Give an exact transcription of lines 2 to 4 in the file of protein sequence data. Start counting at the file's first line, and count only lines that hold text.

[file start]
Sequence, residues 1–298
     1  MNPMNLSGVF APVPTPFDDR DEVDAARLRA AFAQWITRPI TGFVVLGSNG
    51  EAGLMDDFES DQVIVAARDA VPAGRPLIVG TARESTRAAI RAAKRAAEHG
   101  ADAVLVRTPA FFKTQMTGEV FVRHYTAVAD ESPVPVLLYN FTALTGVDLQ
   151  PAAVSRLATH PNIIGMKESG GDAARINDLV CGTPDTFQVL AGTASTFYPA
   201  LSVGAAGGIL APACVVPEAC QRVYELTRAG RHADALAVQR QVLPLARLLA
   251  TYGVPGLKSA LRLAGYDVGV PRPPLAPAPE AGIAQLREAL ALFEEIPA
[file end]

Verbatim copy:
     1  MNPMNLSGVF APVPTPFDDR DEVDAARLRA AFAQWITRPI TGFVVLGSNG
    51  EAGLMDDFES DQVIVAARDA VPAGRPLIVG TARESTRAAI RAAKRAAEHG
   101  ADAVLVRTPA FFKTQMTGEV FVRHYTAVAD ESPVPVLLYN FTALTGVDLQ